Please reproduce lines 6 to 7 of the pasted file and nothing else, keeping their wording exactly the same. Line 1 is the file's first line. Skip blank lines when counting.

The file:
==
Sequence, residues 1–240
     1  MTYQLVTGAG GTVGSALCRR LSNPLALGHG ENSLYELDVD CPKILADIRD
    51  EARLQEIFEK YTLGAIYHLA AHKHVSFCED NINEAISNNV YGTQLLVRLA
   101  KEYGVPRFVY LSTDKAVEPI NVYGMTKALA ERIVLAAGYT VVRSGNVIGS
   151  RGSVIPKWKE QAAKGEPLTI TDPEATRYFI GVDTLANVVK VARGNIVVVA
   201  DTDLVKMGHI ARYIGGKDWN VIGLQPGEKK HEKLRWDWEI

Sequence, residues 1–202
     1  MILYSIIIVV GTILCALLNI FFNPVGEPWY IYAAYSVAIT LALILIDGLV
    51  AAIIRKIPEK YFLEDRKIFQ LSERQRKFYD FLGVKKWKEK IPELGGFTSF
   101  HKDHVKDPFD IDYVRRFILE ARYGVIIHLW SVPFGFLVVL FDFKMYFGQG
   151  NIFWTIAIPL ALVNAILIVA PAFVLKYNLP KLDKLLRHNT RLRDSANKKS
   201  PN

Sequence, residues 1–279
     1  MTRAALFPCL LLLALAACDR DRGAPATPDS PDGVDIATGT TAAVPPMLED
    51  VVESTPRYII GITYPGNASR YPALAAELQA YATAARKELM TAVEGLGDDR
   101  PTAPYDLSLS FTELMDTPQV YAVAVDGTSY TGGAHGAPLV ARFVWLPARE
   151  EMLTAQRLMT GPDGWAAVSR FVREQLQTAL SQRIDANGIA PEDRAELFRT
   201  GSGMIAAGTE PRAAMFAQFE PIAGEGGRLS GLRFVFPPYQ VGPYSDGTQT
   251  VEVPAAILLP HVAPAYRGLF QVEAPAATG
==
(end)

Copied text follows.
   201  DTDLVKMGHI ARYIGGKDWN VIGLQPGEKK HEKLRWDWEI

Sequence, residues 1–202